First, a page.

If your skin is prone to redness, flaking and irritation, there’s high chance you have a dry skin type. But what actually defines dry skin and how should you look after it? This is your expert-approved guide to caring for dry skin.
When it comes to determining your skin type, things aren’t always easy. But, while dry skin might experience periods of oiliness and oily skin might at times feel tight and uncomfortable, determining your core skin type is crucial if you want to keep your complexion in check. And that is especially true when it comes to dry skin.
Whereas oily skin tends to show itself through shininess or breakouts, dry skin has a tendency to hide away behind the scenes, appearing only when it feels too late in the form of redness, irritation and flaking. And as things start hotting up and our skin becomes subject to perils of the great outdoors, it’s more important than ever that we’re not neglecting the very specific wants and needs of dry skin.
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If you have a feeling that you have a dry skin type, now is the time to brush up on all of the expert-approved tips, ingredients and skincare routines to keep your complexion happy in the months ahead. To make things a little easier, we’ve enlisted the help of Dr Ifeoma Ejikeme, skincare expert at CeraVe to compile the ultimate guide to caring for dry skin.
What is dry skin?
It might sound silly, but just because your skin appears dry, doesn’t necessarily mean you have a dry skin type. “Dry skin is skin that has less sebum or lipid content,” explains Dr Ejikeme. “This means it is dry all year round, irrespective of products placed on the skin or levels of hydration.”
How can you tell if you have dry skin?
Here comes the hard part. As previously mentioned, dry skin can be particularly hard to self-diagnose, as all skin types are likely to experience some periods of dryness. However, Dr Ejikeme explains that prolonged or ongoing issues imply your skin type is likely dry. “Your skin will feel tight and you might be prone to redness, flaking or itchiness. Lines and wrinkles will also appear exaggerated,” she says.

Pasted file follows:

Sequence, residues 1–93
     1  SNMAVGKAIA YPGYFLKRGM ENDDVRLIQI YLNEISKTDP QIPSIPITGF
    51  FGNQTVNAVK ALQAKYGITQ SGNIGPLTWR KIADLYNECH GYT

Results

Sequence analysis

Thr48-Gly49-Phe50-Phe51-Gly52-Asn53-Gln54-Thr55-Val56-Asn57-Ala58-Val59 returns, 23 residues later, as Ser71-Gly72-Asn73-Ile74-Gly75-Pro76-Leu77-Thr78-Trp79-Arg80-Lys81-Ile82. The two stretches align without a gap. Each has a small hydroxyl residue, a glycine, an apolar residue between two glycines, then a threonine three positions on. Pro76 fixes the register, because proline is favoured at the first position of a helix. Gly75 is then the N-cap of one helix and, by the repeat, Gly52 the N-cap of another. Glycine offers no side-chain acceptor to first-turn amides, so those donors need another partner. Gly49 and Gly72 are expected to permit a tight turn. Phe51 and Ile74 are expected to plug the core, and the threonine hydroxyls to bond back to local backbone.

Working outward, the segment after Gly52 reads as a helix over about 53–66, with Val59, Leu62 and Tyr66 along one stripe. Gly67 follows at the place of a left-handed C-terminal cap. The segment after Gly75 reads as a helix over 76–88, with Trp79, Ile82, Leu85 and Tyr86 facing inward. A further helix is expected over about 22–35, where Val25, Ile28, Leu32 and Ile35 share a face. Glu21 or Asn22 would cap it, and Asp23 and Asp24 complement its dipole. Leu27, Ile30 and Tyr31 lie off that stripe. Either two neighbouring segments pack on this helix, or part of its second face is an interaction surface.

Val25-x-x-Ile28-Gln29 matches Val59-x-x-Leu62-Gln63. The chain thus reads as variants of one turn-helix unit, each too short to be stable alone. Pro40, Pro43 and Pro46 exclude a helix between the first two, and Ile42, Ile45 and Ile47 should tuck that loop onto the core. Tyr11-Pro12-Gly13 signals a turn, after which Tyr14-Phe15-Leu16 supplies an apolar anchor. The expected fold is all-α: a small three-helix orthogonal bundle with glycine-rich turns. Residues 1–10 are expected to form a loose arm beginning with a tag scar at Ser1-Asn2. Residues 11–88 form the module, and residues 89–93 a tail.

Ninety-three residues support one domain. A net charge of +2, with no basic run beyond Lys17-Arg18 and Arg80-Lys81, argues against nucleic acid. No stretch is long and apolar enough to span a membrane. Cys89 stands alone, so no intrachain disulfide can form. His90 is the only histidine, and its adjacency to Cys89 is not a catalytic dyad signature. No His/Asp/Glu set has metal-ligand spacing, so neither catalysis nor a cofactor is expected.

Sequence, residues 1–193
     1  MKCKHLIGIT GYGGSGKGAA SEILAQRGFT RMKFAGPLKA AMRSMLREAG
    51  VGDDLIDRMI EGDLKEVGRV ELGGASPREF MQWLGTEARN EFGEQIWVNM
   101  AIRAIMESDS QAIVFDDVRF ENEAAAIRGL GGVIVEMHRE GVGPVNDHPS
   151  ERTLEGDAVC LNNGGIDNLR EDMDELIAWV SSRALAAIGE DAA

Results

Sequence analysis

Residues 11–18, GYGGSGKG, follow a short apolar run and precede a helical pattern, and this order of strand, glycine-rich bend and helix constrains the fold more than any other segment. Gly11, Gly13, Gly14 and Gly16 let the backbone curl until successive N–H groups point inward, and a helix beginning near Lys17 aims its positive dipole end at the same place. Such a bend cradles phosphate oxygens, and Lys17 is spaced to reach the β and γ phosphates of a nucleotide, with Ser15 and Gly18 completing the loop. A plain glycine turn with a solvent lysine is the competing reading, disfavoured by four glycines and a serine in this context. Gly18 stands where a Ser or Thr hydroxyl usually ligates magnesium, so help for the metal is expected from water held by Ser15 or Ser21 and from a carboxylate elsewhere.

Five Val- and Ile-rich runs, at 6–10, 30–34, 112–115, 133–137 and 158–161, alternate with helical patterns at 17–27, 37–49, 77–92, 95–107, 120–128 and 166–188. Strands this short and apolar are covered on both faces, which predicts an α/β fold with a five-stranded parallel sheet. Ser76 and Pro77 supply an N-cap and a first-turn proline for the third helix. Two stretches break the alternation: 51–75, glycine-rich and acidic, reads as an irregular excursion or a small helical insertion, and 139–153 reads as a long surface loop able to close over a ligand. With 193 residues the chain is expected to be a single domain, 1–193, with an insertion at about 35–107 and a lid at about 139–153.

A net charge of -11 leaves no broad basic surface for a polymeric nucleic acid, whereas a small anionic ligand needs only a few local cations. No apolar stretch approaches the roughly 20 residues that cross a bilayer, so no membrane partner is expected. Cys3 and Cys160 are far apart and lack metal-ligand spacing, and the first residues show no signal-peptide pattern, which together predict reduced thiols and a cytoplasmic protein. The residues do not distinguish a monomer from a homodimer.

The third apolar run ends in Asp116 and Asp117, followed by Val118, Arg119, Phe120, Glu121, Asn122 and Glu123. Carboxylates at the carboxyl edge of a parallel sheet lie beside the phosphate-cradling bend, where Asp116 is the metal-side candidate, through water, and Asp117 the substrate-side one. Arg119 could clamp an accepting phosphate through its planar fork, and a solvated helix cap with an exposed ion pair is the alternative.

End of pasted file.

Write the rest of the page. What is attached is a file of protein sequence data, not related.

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What causes dry skin?
“Many external factor can cause exacerbated dryness,” reveals Dr Ejikeme. “Environmental stressors, diet and caffeine intake can play a part in dehydrating the skin. Excessive exfoliation and overuse of retinoids can also impair the barrier function of skin, causing it to feel dry.”
And while what our skin is exposed to in terms of products can worsen the situation, so too can the weather. While dry skin can flare up during colder months due to cool winds and drying central heating, sun damage can also impair the skin’s barrier function, causing it to turn dry and irritated.
How can you tell if your skin is dry or dehydrated?
Now this is where things start to get tricky, but it’s important to know the difference if you’re trying to determine whether your skin type is dry. “All skin types, both dry and oily, can be dehydrated and feel dry. The difference is, with dehydrated skin, it’s only the upper layers of the skin that have low moisture content,” Dr Ejikeme reveals.
The key to determining the difference, Dr Ejikeme explains, is in how prone your skin is to the symptoms of dryness: “If the dryness you’re experiencing is not a common occurrence, it may be a sign your skin is just dehydrated. Using products that help to repair the barrier function can make this better over time.” For dry skin types that experience regular dryness, however, it’s important for your whole routine to be focussed on hydration and improving barrier function.